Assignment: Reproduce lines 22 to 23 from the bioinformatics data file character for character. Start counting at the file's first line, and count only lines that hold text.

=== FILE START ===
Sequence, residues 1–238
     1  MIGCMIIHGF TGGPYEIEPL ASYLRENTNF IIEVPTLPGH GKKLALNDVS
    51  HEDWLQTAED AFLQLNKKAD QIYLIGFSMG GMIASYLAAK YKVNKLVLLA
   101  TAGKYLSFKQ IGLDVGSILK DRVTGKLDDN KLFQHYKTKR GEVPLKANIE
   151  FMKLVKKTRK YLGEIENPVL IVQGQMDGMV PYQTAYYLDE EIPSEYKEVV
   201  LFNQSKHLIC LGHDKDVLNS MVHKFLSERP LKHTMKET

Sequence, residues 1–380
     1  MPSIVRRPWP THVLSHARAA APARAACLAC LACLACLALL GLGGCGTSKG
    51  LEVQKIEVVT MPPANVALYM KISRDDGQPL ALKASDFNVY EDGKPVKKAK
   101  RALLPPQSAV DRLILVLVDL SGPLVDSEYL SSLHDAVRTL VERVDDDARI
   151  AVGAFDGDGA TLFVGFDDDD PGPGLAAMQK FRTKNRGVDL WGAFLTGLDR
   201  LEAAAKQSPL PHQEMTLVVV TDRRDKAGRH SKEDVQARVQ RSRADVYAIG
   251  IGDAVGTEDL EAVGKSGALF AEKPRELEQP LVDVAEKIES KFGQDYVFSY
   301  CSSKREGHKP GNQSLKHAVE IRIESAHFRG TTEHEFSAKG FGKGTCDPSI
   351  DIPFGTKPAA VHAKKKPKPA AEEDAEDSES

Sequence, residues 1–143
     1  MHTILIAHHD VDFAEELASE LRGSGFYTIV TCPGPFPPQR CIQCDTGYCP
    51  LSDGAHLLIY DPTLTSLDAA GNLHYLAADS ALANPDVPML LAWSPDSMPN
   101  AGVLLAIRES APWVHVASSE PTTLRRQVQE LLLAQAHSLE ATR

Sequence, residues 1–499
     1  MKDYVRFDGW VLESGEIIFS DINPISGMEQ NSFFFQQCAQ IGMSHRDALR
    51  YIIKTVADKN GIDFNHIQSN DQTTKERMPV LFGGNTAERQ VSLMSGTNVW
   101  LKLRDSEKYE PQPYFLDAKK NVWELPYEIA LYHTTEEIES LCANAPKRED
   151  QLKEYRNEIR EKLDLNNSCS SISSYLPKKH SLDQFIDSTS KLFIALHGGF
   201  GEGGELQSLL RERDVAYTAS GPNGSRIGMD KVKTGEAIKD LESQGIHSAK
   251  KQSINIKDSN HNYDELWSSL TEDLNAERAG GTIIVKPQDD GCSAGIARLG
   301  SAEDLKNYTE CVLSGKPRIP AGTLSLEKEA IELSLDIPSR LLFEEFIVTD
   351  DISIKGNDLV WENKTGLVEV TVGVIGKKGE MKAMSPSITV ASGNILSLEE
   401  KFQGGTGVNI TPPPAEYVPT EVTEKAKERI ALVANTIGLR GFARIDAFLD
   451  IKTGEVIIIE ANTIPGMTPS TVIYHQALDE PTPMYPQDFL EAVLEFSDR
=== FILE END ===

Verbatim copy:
    51  YIIKTVADKN GIDFNHIQSN DQTTKERMPV LFGGNTAERQ VSLMSGTNVW
   101  LKLRDSEKYE PQPYFLDAKK NVWELPYEIA LYHTTEEIES LCANAPKRED